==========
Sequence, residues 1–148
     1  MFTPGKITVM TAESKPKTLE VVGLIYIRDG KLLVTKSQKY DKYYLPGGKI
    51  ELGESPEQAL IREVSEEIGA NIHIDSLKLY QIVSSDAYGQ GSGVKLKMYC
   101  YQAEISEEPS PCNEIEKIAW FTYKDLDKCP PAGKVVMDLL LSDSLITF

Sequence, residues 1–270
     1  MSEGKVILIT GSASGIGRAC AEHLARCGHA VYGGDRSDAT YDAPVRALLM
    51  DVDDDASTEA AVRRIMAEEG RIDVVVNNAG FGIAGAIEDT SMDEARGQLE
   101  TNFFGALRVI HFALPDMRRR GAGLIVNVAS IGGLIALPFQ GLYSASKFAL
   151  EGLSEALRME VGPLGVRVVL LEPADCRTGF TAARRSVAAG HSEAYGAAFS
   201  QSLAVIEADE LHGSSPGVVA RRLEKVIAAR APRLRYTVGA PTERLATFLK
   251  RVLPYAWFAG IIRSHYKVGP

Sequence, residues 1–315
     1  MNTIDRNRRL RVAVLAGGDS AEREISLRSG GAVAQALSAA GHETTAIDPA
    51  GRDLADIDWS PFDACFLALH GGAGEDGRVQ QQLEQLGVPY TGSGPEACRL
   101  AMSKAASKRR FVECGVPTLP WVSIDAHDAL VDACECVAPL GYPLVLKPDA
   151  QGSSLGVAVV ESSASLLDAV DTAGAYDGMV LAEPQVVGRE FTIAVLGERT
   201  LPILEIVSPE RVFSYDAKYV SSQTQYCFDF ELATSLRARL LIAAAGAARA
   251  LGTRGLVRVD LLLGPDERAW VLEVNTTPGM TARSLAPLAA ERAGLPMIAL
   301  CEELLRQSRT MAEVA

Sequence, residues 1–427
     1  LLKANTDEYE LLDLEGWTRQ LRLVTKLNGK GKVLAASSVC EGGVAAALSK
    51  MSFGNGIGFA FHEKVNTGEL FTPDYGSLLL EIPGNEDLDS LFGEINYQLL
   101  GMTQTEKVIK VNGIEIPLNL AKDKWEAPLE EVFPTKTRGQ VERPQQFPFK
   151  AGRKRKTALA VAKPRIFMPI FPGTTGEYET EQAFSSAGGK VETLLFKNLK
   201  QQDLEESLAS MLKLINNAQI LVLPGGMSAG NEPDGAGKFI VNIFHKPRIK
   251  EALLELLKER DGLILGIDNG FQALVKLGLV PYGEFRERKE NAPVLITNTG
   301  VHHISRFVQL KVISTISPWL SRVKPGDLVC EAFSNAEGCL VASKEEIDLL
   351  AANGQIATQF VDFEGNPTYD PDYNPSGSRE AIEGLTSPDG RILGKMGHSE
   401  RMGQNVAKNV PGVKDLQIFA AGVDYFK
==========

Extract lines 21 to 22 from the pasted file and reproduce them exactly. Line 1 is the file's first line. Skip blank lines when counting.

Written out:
     1  LLKANTDEYE LLDLEGWTRQ LRLVTKLNGK GKVLAASSVC EGGVAAALSK
    51  MSFGNGIGFA FHEKVNTGEL FTPDYGSLLL EIPGNEDLDS LFGEINYQLL